This is a lot of radio for $450 US shipped. I’ve also learned that the G90 has a very active community of users via this Groups.io email list.

I had planned to sell the Xiegu G90 after my upcoming review in The Spectrum Monitor. I must admit: this transceiver is growing on me. It might be hard to let go of it.

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First time in the field with the Xiegu G90 QRP transceiver

(Note: this post first appeared on our sister site, the SWLing Post.)

Earlier this week, I took delivery of a new Xiegu G90 general coverage QRP transceiver. I’m reviewing this portable rig for The Spectrum Monitor magazine. Although this Chinese manufacturer has been around for a few years, this was my first purchase of a Xiegu product.

I’ve had the G90 on the air from home for a couple days, but I feel like the best way to test a QRP transceiver is in the field!

Due to the Covid-19 lock-down and a number of our regional parks either being closed or severely limiting visitors, I haven’t made many POTA (Parks On The Air) activations this year.

Recently, however, North Carolina has been opening state parks and allowing visitor access to hiking trails and picnic areas, but keeping all facilities (stores, cafes, visitor centers, and restrooms) closed to the public.

Yesterday, our family decided to pack a picnic lunch and head to Mt. Mitchell State Park (POTA site K-2747). My wife knew I was chomping at the bit to play radio in the field and actually made the suggestion. (She’s a keeper!) 🙂

There were only a dozen people at the park so we essentially had the place to ourselves. Better yet, it gave me the opportunity to pick out the most ideal picnic site to set up and deploy my EFT Trail-Friendly 40/20/10 antenna.

The G90’s backlit color display was actually quite easy to read in the field. My phone’s camera filter made it look darker than it actually was.

My POTA activation was unannounced and I didn’t have Internet access to self-spot on the POTA website, so I started the activation old school by calling “CQ POTA” until someone happened upon 7286 kHz.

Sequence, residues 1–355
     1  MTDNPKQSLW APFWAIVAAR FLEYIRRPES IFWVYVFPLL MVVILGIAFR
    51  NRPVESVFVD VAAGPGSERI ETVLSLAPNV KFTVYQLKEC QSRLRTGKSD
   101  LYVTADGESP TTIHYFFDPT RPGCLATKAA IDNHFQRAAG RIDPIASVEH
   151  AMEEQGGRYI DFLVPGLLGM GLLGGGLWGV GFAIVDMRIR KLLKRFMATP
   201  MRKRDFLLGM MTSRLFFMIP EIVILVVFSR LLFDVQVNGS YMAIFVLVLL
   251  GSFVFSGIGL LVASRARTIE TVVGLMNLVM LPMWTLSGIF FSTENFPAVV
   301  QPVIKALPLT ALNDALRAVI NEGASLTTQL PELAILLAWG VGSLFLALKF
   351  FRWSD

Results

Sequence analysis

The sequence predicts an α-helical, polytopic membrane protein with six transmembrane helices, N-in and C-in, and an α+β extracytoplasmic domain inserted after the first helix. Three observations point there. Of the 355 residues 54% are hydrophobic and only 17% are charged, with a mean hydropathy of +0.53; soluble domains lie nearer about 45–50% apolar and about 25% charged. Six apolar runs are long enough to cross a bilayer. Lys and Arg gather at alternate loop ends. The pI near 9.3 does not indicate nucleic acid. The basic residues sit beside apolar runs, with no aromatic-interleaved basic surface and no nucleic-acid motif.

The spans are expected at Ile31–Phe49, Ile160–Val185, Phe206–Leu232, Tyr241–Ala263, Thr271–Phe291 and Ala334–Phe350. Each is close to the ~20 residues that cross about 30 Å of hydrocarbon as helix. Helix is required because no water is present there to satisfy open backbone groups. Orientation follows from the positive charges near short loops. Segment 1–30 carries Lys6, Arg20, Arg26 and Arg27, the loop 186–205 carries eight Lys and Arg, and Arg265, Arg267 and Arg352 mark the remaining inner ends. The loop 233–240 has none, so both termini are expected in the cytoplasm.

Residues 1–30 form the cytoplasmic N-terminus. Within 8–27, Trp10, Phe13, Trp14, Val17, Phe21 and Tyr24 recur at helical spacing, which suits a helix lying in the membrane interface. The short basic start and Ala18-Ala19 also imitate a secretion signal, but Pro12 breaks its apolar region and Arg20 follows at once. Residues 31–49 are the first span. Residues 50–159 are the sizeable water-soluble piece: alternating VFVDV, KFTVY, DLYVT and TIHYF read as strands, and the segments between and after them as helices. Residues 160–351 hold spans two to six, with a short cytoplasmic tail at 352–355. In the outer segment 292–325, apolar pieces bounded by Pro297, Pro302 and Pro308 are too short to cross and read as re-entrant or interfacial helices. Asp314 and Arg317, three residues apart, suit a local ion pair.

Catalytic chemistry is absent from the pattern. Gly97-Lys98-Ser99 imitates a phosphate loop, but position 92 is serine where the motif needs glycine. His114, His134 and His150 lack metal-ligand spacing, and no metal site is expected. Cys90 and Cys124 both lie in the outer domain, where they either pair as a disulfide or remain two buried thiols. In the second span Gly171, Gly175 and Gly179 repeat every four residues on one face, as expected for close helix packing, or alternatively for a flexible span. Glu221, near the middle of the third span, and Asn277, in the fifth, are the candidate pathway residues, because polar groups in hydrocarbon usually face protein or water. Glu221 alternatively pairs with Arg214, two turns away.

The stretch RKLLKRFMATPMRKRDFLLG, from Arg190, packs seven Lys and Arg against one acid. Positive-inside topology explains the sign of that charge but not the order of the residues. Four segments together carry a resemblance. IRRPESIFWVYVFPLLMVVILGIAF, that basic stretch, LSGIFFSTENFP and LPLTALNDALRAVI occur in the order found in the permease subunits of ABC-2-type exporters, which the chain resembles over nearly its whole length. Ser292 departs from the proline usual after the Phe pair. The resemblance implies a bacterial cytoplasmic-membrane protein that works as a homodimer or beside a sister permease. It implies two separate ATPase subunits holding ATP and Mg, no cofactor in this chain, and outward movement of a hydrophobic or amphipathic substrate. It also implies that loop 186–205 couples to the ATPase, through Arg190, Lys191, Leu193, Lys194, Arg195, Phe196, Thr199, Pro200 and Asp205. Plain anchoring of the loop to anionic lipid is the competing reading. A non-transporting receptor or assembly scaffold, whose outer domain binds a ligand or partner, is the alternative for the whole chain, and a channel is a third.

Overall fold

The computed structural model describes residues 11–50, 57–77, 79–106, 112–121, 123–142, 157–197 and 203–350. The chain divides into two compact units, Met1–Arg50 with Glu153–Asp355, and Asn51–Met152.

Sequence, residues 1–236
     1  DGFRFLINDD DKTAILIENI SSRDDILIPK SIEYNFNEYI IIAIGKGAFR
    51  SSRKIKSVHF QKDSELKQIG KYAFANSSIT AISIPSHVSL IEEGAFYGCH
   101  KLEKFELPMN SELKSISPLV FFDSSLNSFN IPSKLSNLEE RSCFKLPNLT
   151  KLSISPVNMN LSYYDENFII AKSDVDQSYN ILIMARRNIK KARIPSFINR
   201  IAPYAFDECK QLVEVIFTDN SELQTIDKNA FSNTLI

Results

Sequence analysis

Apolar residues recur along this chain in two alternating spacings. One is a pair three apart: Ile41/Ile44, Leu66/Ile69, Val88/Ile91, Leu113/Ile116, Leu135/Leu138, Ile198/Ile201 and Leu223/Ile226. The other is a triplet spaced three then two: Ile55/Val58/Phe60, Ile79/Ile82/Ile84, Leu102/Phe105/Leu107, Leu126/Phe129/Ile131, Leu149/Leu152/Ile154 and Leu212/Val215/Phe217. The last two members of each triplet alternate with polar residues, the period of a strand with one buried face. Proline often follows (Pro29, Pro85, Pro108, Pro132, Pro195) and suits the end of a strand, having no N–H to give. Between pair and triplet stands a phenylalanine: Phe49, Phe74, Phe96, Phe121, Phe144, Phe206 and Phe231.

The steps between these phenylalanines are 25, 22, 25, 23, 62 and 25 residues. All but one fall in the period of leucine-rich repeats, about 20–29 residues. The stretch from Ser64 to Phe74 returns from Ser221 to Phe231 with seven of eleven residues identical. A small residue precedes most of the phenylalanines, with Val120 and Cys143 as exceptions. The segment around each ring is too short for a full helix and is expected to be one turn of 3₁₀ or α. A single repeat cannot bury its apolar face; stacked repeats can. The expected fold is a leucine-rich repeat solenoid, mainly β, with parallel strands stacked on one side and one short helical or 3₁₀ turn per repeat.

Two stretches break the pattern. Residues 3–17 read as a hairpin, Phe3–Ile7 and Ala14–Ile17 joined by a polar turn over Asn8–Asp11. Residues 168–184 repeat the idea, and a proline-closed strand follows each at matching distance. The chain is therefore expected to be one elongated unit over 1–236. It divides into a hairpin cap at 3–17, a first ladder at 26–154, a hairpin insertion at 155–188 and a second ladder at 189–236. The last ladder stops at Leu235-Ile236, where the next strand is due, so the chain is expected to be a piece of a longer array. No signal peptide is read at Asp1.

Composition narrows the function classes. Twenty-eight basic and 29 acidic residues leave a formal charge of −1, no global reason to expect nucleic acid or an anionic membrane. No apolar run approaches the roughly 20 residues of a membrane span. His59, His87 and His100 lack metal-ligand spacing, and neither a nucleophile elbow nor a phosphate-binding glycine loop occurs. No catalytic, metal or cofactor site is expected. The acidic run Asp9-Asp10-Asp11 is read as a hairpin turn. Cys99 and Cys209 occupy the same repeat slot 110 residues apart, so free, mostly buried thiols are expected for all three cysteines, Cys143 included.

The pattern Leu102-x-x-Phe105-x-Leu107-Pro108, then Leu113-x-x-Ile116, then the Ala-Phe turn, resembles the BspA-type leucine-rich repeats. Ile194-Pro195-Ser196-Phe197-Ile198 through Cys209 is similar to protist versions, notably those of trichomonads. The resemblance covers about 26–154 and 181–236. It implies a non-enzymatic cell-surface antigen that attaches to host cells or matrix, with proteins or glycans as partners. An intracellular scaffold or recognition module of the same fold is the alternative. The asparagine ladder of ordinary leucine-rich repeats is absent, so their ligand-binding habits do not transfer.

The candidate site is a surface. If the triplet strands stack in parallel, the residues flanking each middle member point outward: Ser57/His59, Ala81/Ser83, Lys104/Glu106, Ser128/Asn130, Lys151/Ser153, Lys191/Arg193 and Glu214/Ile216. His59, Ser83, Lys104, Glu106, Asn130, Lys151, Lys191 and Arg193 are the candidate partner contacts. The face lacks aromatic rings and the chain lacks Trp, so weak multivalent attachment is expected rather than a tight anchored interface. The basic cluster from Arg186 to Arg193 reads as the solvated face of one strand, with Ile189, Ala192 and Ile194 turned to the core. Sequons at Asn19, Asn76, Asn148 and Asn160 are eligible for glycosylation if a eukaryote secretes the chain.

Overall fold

After perhaps 10 minutes of calling CQ, Greg (KE0HTG)–a helpful POTA chaser–finally found me and spotted me on the network.

I worked a few stations in succession, but summer QRN levels were incredibly high and I believed static crashes were cloaking would-be contacts. The G90 has no RF Gain [Actually, thanks to this feedback, I now know the G90 does indeed have an RF Gain control (firmware version 1.73 and higher).] I asked one kind operator if he would hold while I switched over to my trusty Elecraft KX2.

The KX2 did a much better job managing the noise and that same op was easily readable where with the G90 I could barely copy him. I suspect I could have tinkered with the G90’s AGC levels to better mitigate the noise, but I didn’t want to do this in the middle of an activation.

I worked about fifteen stations with the Elecraft KX2 on 40 meters.

One real advantage of the KX2 during a POTA activation on SSB is its voice memory keyer (of course, it also has a CW memory keyer). I simply record my CQ and have the KX2 repeat it until someone replies, then I hit the PTT to stop the recording. Not only does this save my voice, but it also gives me an opportunity to eat my lunch while calling CQ!

I eventually moved up to the 20 meter band and switched back to the Xiegu G90.

On the 20 meter band, the G90 handled conditions like a champ.

Someone eventually spotted me on 20 and I worked a few stations.

The 20 meter band was very fickle and unstable yesterday. For example, I struggled to finish a contact with an operator in Massachusetts, yet got a solid 59 report from Spain with only 20 watts.

No activation is complete without brewing a cup of coffee on the alcohol burner!

I had a great time with the G90 in the field. I can see why it’s become such a popular transceiver as it offers incredible bang-for-buck (it can be purchased new as low as $450 US shipped).

This week, the noise levels on the 40 meter band should be very high here in North America, so I plan to spend more time with the G90 settings and see if I can mitigate the QRN a little better. I’d welcome any tips from G90 owners.

And yes, I’m already eyeing a couple of parks to activate next week!

Post Readers: Please comment if you’re familiar with the Xiegu G90 or any of the other Xiegu transceivers.